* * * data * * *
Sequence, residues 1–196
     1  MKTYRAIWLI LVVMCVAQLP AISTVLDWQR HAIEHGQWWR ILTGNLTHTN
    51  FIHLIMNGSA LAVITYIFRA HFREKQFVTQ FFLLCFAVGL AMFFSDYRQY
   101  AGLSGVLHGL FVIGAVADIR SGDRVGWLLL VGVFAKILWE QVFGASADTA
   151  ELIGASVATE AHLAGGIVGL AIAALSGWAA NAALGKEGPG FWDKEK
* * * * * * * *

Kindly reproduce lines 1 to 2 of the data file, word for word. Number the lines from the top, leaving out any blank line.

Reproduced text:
Sequence, residues 1–196
     1  MKTYRAIWLI LVVMCVAQLP AISTVLDWQR HAIEHGQWWR ILTGNLTHTN